There is a glimmer of reason to suspect the dreaded coronavirus has summited its American mountain of death and is poised to start a downward slide toward normalcy. The hope-filled development has prompted President Trump to ponder what he calls “the biggest decision I’ve ever had to make”: When to reopen the economy. Whatever course of action the president chooses, one thing is certain: His critics will consider him a coronavirus quack.
In preparation for the looming Judgment Day, Mr. Trump announced the formation of a new advisory council composed of top White House aides, economists, labor leaders and business tycoons to work with his existing medical team in helping him select a restart date. His authority to turn the ignition key for the nation’s economic engine and ease it back into gear is, he claimed last week, “total.”
A coalition of governors, instinctively charging the president’s red cape, have claimed their own right to call the shots on reopening their states for business. “If he says to me, ‘I declare it open,’ and that is a public health risk or it’s reckless with the welfare of the people of my state, I will oppose it,” said New York Gov. Andrew Cuomo Tuesday on MSNBC. His counterparts in New Jersey, Connecticut, Pennsylvania, Delaware and Rhode Island intend to join in coordinating plans to reopen their plague-stricken region.
The president has taken a bold stand on shaky ground. Whether it’s constitutional is a question that doesn’t need an answer now because he says he’ll work in conjunction with the governors on best choices for their opening days.
For their part, Americans locked in economic purgatory aren’t concerned with picking nits over who gets to say “go.” Rather, they simply want to return to work and earn a paycheck without winding up in the morgue.
Congressional Democrats have formed their own brain trust to scrutinize Mr. Trump’s coronavirus response. House Speaker Nancy Pelosi took the dramatic step of empaneling a select committee to oversee the expenditure of a $2.2 trillion economic relief package signed into law earlier this month, existing oversight notwithstanding.
The speaker’s move exposes political armaments being readied to unleash on the president for any flaws — real or imagined — in his handling of the contagion. Talk of a 9/11-style commission to evaluate possible negligence on the Trump administration’s part adds to the likelihood that Mrs. Pelosi and company intend to pin the medical quack tail on The Donald.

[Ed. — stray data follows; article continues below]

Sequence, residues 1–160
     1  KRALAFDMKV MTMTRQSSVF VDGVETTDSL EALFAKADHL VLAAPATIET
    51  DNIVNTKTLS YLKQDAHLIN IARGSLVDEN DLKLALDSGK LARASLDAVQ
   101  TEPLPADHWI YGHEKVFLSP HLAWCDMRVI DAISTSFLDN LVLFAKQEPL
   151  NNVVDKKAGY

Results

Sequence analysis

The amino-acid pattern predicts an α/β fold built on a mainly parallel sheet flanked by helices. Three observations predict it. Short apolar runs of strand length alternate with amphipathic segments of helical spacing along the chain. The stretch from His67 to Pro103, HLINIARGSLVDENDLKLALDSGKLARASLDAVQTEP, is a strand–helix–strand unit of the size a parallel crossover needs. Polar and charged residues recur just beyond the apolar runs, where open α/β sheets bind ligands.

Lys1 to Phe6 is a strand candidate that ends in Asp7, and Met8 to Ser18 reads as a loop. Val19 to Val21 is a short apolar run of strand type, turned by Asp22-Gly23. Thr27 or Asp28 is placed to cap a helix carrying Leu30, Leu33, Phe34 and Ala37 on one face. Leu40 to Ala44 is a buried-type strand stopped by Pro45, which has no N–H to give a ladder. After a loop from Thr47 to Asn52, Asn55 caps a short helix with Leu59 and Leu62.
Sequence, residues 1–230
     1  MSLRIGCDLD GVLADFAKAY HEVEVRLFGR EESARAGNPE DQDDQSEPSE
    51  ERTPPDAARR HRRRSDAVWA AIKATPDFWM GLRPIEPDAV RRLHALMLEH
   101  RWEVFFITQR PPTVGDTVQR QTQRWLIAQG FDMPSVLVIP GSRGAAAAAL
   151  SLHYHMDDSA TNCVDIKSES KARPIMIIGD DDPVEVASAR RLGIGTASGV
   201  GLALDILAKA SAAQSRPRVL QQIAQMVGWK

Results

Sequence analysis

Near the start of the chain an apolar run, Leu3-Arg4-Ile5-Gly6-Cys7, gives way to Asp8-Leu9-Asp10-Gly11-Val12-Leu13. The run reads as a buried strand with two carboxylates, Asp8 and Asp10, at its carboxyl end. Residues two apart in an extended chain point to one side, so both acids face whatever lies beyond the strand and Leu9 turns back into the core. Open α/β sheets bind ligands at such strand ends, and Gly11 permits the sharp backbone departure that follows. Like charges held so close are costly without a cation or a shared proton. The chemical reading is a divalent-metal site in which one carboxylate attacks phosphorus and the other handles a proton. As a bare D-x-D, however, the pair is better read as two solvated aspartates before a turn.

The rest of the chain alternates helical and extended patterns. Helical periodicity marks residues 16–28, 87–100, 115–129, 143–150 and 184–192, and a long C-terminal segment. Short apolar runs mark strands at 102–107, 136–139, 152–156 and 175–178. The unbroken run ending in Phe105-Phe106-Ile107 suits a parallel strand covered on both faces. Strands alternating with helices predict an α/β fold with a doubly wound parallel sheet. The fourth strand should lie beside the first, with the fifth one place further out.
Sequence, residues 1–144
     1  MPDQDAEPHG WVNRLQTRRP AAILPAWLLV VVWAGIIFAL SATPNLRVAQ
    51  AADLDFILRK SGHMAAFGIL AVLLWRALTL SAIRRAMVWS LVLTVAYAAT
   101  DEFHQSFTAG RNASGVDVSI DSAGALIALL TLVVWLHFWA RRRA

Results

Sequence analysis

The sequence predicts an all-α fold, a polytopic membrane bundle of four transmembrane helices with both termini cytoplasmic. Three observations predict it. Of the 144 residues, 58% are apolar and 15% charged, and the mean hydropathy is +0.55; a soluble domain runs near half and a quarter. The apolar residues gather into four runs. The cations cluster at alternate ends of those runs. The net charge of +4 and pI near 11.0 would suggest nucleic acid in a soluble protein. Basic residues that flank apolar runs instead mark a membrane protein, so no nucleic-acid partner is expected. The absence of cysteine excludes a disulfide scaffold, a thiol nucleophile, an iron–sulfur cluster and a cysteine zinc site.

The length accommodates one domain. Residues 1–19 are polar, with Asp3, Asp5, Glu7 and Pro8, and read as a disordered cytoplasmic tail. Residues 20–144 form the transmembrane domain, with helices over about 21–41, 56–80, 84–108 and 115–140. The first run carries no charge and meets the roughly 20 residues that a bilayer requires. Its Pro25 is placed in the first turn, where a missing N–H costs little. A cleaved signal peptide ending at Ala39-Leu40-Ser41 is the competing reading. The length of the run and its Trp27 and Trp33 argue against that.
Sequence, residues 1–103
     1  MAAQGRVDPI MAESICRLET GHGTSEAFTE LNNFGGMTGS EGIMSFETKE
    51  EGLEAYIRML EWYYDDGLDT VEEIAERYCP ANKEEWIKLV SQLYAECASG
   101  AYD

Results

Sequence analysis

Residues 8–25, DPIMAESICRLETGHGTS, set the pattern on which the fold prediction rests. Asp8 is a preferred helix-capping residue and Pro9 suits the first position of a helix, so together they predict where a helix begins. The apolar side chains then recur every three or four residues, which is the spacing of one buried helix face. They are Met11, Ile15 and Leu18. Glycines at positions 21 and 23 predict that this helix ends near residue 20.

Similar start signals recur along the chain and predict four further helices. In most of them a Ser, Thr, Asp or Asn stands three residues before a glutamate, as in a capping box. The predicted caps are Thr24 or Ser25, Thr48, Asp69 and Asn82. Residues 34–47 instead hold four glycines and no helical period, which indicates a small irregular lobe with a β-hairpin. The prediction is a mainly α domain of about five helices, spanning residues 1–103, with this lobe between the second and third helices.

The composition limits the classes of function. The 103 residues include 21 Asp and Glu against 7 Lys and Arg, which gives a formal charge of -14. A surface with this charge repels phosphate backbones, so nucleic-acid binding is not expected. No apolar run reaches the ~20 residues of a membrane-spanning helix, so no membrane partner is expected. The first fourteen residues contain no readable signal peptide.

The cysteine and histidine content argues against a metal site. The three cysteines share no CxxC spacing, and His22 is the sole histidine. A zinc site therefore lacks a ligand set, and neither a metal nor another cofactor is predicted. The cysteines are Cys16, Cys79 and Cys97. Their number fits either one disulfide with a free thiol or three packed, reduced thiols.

Media allies have already equipped the nascent committee with a blueprint for attack. In an April 11 article titled “Behind Trump’s failure on the virus, The New York Times complained that Mr. Trump “was slow to absorb the scale of the risk and to act accordingly, focusing instead on controlling the message, protecting gains in the economy and batting away warnings from senior officials.”
That the president’s attention was divided is certainly factual: He was “batting away” Democrats’ Senate impeachment attack when the pandemic exploded. While fighting for his political life, though, he still managed to halt most airline traffic from China.
Struggling with obscurity in a disease-dominated news environment, Democrats’ 2020 presidential candidate Joe Biden has floated his own proposal for opening the economy. It features the continuation of social distancing to reduce virus transmission, robust use of the Defense Production Act to boost the availability of health care equipment and antibody testing to help local authorities zero in on disease outbreaks. If his plan rings familiar, it’s because it might as well have been pilfered from the Oval Office.
More relevant is the question of whether a President Biden would have more swiftly halted the flow of travelers from virus-infected nations. There is little in the candidate’s views to suggest he would have done so. Loose immigration policy prevailed during his watch as Barack Obama’s vice president, and his own campaign policy paper timidly terms the sporadic flood of humanity that washes over the southern border “irregular migration.” The notion that Mr. Biden would have jettisoned his globalist ideology in time to save Americans from inbound virus-carrying travelers is giggle-worthy.
There is no playbook that lays out a national defense against a modern-day contagion, or for determining when the coast is clear for re-emerging afterward. Democratic recriminations accusing the president of coronavirus quackery exhibit the symptoms of another dangerous disease: Trump Derangement Syndrome.
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